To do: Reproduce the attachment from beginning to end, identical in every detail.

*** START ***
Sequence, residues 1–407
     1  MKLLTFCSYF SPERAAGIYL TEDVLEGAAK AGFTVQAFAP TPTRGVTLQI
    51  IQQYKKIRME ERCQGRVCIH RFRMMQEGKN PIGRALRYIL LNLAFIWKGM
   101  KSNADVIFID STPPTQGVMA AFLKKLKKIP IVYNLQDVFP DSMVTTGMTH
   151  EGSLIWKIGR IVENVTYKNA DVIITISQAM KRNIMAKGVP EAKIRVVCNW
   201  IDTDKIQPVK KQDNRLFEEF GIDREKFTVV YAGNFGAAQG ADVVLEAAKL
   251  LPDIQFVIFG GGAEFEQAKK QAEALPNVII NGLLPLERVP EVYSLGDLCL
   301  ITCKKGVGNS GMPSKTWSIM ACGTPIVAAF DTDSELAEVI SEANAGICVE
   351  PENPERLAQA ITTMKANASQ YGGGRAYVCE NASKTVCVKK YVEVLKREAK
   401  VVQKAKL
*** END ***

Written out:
Sequence, residues 1–407
     1  MKLLTFCSYF SPERAAGIYL TEDVLEGAAK AGFTVQAFAP TPTRGVTLQI
    51  IQQYKKIRME ERCQGRVCIH RFRMMQEGKN PIGRALRYIL LNLAFIWKGM
   101  KSNADVIFID STPPTQGVMA AFLKKLKKIP IVYNLQDVFP DSMVTTGMTH
   151  EGSLIWKIGR IVENVTYKNA DVIITISQAM KRNIMAKGVP EAKIRVVCNW
   201  IDTDKIQPVK KQDNRLFEEF GIDREKFTVV YAGNFGAAQG ADVVLEAAKL
   251  LPDIQFVIFG GGAEFEQAKK QAEALPNVII NGLLPLERVP EVYSLGDLCL
   301  ITCKKGVGNS GMPSKTWSIM ACGTPIVAAF DTDSELAEVI SEANAGICVE
   351  PENPERLAQA ITTMKANASQ YGGGRAYVCE NASKTVCVKK YVEVLKREAK
   401  VVQKAKL